Once you come up with several cadences that you like feel free to record them while they’re still fresh in your mind on whatever device you have handy. Now let’s go ahead and come up with a few different cadences for our verse and analyze what makes them different.
Now just to prevent any confusion while i’m explaining these cadences here’s a quick explanation of what we’ll be looking at. There’s 4 beats in 1 bar. A quarter note section is the space that makes up each one of those beats. The 1st and 3rd quarter note section is colored gray and the 2nd and 4th quarter note section is colored red. There are 4 16th notes in each quarter note section and the 1st 16th note in each quarter note section lands directly on top of the beat.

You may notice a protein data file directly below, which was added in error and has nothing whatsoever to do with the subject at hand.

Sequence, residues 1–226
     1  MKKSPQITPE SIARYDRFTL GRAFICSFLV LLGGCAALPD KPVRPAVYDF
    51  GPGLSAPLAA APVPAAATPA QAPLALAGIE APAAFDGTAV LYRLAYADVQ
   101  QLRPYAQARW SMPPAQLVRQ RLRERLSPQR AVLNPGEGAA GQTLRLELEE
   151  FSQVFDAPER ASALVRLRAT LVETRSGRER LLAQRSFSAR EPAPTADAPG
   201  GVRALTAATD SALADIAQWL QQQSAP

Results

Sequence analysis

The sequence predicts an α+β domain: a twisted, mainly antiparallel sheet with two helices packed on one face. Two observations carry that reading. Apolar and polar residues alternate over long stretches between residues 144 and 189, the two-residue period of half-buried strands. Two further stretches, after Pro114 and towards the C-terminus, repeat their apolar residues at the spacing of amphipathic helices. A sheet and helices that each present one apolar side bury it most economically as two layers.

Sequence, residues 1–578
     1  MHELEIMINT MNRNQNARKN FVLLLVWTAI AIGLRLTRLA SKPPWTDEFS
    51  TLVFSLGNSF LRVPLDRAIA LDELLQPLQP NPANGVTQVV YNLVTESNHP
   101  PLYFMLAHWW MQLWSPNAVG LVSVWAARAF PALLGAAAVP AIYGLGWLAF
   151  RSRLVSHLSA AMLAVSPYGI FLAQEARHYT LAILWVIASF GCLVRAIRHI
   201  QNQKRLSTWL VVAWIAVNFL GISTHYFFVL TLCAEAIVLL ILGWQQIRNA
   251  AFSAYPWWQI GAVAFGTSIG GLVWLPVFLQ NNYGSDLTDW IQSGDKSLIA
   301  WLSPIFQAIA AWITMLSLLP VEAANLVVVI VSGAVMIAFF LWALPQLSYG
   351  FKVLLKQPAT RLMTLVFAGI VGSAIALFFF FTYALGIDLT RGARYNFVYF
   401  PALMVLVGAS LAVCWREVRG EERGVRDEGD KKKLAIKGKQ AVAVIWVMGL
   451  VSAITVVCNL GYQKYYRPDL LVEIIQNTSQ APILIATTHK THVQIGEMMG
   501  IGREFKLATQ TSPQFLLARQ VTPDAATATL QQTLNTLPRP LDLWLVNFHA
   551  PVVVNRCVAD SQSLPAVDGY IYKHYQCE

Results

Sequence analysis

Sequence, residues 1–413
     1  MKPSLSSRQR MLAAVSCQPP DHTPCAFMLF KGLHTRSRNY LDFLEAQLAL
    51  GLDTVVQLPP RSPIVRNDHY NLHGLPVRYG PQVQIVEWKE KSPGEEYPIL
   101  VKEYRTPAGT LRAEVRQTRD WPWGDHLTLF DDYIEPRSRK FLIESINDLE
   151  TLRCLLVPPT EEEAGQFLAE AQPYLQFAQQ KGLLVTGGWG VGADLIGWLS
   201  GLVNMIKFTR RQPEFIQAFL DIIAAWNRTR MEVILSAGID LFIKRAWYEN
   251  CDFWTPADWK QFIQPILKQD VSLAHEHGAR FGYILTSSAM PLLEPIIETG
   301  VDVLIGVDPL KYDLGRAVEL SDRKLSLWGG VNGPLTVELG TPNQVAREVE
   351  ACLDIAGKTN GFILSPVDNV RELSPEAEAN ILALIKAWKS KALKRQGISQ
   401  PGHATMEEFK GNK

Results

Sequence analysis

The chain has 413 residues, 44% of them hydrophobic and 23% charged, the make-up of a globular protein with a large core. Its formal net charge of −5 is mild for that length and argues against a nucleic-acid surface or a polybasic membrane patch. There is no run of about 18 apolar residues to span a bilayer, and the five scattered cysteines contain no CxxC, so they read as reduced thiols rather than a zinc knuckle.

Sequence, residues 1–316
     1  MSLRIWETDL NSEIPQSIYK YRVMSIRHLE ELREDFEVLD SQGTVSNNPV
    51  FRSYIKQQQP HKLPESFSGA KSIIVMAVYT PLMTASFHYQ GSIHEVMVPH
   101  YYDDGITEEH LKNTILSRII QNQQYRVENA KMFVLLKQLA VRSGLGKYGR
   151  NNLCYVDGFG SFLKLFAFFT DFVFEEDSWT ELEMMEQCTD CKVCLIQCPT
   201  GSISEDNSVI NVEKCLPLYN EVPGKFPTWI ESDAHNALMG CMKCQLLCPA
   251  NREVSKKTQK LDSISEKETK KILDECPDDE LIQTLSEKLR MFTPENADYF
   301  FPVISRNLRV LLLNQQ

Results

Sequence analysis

The first cadence I’ve come up with is pretty simple. I’m basically just doing the 16 count but eliminating 2 notes giving me a total of 14 notes. I’m pausing on top of the 1st beat and taking a breath right after the 4th beat. Once I repeat this cadence the pause after the 4th beat and the pause on top of the 1st beat of the next bar actually are right next to one another and gives me the length of two 16th notes which is also equal to one 8th note to breath. If we we’re to tweak our Buh Duh Buh Duh 16 count it would look like this…
_Duh Buh Duh Buh Duh Buh Duh Buh Duh Buh Duh Buh Duh Buh_